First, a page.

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While fishing at Mundo Lake south of Dulce last week, Nick Quint landed what he called “the biggest catch of my life.”
Quint and other members of his Albuquerque family helped rescue a distressed fisherman, whose one-man pontoon boat had come apart with him strapped in it.
“His calls for help were pretty harrowing and made the hair on my neck stand up,” said Quint, 26. “It was a scream from someone fighting for his life. One side of the flotation came detached from the rest of the pontoon and tipped him on the side. He was in a sort of net and he was struggling to get out of it, which probably added to his panic.”
Quint, along with his parents, Sherryl and Tim Quint, sister Hannah Quint, and Hannah’s friend, Alexandria Gilbert, all jumped into action. Good thing, too. The only other person fishing that Monday was the distressed fisherman’s brother, who was farther out in the lake on his own one-man pontoon boat and too far away to immediately provide aid.
Hannah, 25, a recent graduate from the University of New Mexico’s EMS (emergency medical services) program, grabbed a pair of binoculars to quickly assess the situation.
COURTESY OF QUINT FAMILY Fishing at Mundo Lake, left to right: Tim Quint, Sherryl Quint, Nick Quint, Hannah Quint and Alexandria Gilbert.
“My brother just started running the shoreline to get over there, while my friend Alex and I hopped in our truck and tried to drive closer,” Hannah said. “I had the idea that maybe I could get him into a heated vehicle, but the roads didn’t go all the way around, so we parked as close as we could, and then got out and ran over there. We had extra clothes, a towel and a first aid kit.”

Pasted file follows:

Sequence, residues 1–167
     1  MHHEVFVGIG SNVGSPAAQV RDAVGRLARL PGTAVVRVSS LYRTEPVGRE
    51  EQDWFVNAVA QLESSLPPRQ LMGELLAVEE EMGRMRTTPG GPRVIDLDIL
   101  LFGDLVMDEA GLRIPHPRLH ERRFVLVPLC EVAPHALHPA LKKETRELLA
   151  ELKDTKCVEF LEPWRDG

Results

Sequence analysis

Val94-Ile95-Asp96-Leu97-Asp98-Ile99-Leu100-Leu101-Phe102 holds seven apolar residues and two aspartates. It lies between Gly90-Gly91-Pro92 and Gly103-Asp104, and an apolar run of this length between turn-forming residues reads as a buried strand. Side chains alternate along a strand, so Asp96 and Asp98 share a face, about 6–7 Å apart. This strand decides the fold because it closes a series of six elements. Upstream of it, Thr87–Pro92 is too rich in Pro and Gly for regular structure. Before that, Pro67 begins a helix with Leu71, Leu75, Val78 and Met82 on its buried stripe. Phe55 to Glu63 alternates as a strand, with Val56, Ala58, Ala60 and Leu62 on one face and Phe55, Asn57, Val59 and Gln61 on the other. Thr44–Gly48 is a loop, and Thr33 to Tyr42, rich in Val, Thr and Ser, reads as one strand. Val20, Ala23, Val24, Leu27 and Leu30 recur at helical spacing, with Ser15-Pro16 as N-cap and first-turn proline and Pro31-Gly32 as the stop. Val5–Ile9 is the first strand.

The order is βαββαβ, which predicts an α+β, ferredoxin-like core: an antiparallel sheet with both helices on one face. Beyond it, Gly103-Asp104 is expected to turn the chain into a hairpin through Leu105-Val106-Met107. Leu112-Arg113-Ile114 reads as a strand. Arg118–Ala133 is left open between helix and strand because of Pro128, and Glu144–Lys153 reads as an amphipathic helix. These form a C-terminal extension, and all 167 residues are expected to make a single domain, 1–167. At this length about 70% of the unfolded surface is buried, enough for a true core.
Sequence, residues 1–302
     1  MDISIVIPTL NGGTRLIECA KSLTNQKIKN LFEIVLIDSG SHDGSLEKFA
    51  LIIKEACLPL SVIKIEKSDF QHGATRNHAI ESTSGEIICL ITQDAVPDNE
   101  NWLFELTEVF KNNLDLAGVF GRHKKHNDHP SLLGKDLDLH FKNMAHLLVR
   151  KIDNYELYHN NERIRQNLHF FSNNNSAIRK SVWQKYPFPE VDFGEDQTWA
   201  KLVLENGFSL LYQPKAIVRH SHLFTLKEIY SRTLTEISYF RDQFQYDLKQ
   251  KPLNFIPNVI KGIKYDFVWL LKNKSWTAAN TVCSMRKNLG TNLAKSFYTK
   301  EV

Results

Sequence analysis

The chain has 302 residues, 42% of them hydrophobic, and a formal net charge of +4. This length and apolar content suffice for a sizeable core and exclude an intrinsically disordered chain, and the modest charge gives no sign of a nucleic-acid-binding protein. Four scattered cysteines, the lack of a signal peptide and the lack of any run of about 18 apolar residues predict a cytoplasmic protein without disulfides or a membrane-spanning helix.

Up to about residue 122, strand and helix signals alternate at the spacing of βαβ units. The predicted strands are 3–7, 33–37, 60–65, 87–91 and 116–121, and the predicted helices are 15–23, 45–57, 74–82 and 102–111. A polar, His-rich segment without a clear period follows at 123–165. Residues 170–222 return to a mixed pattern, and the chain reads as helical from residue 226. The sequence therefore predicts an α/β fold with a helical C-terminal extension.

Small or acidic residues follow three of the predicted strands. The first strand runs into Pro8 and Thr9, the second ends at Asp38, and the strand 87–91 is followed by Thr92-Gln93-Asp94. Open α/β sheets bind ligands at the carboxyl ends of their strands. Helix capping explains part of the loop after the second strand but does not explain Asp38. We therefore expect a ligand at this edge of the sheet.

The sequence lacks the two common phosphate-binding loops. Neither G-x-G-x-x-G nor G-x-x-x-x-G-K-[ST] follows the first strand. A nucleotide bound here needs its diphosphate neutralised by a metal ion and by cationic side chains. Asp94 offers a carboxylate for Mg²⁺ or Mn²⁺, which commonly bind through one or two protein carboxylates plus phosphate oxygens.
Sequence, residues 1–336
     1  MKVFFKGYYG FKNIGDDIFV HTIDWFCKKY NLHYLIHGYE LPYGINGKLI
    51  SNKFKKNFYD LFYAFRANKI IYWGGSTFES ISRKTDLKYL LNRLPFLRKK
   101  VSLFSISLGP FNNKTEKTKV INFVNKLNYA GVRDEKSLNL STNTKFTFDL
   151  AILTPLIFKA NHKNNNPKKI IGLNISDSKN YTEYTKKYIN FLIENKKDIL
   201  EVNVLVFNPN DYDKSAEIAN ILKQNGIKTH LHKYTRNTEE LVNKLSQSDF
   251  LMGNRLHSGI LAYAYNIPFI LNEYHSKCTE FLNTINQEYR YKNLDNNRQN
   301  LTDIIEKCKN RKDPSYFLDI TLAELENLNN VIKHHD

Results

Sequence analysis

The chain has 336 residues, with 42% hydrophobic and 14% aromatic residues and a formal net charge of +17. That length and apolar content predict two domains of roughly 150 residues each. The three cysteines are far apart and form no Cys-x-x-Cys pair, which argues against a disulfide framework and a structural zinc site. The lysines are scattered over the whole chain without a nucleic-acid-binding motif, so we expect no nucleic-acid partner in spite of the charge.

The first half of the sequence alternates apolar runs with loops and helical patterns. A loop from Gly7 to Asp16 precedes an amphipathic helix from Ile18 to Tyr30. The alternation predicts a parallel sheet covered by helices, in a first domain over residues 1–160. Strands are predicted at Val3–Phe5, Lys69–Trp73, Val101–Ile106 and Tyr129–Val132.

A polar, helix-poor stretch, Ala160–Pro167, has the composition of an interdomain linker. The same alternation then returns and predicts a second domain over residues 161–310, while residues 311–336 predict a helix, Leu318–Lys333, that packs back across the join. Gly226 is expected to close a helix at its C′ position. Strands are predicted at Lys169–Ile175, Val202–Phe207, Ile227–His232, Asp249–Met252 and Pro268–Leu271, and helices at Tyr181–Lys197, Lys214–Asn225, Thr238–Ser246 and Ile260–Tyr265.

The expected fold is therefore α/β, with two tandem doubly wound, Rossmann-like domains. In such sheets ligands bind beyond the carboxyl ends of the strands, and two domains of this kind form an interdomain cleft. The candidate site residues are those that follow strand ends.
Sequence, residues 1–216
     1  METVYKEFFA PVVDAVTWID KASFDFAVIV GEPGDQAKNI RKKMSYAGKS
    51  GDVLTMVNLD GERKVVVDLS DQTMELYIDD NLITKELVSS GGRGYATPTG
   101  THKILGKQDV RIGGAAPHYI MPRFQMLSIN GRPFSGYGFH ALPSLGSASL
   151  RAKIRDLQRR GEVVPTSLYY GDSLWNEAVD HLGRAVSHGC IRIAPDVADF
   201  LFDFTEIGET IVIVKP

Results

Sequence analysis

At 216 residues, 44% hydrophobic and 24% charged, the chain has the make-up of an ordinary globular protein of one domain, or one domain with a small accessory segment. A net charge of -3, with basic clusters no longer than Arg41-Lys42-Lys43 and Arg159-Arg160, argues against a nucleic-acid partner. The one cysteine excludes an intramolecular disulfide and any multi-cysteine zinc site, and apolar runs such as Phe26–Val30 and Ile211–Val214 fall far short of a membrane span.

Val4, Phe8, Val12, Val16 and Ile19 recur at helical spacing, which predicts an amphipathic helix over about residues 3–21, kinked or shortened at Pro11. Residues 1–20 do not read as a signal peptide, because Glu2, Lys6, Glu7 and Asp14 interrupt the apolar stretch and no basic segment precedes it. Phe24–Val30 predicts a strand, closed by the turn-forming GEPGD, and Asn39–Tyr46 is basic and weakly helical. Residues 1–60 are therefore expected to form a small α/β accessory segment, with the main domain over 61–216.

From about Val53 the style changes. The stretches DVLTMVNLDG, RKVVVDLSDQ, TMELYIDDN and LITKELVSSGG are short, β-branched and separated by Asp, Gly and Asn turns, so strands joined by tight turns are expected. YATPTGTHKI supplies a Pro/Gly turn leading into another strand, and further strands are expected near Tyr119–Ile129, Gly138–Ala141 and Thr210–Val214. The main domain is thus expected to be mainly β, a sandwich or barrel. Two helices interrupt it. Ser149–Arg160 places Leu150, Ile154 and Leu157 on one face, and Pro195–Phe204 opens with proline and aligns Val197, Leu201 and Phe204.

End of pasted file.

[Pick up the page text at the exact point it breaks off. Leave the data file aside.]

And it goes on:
Although cellphone service in the area is spotty, Sherryl and Tim Quint were able to contact someone at the Jicarilla Department of Game and Fish, who immediately got the Jicarilla Fire and EMS services dispatched in Dulce.
By the time Hannah and Alexandria reached the rescue area, the fisherman had somehow managed to get close enough to shore, where he lay flat in the water, the lower portion of his body bogged down in mud, and where Nick was able to pull him out.
Hannah and Alexandria removed the fisherman’s wet clothing. “I took off my beanie, mittens and my jacket and put it on him.” The man’s brother, who had caught up, provided dry socks and pants for him, Hannah said.
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Jicarilla first responders arrived within minutes, parked as close as possible, and then cut through a fence and hiked with their equipment about 100 yards to reach the man, said the Jicarilla Game and Fish official who asked not to be identified.
The fisherman “was fully dressed for a day of fishing, not swimming,” said the official. He noted that the water in the 50-acre lake ranges from 15-30 feet deep and the water temperature was in the low 50s.
“Without a doubt, things could have been much more serious,” he said. Luckily, “the Quint family was there to aid in his recovery.”
As he was being pulled from the water, the fisherman “just kept saying ‘I’m exhausted, not cold,’ ” Hannah said. “But his skin and his fingers looked almost gray.” She added that EMS personnel indicated his body temperature had fallen into the low 90s, indicating he was likely hypothermic.
The man, identified only as a resident of the Silver City area, was taken to a hospital in Pagosa Springs, “where, as far as we know, he was warming up and in good shape,” Nick said.
“You know, I was a little bit in shock, too,” he said. “We’ve seen plenty of people go out on boats and float tubes like that without any complications at all, so this was very unexpected.”
Even after the drama, the Quint fishing party continued to pull 16-18-inch trout from the lake.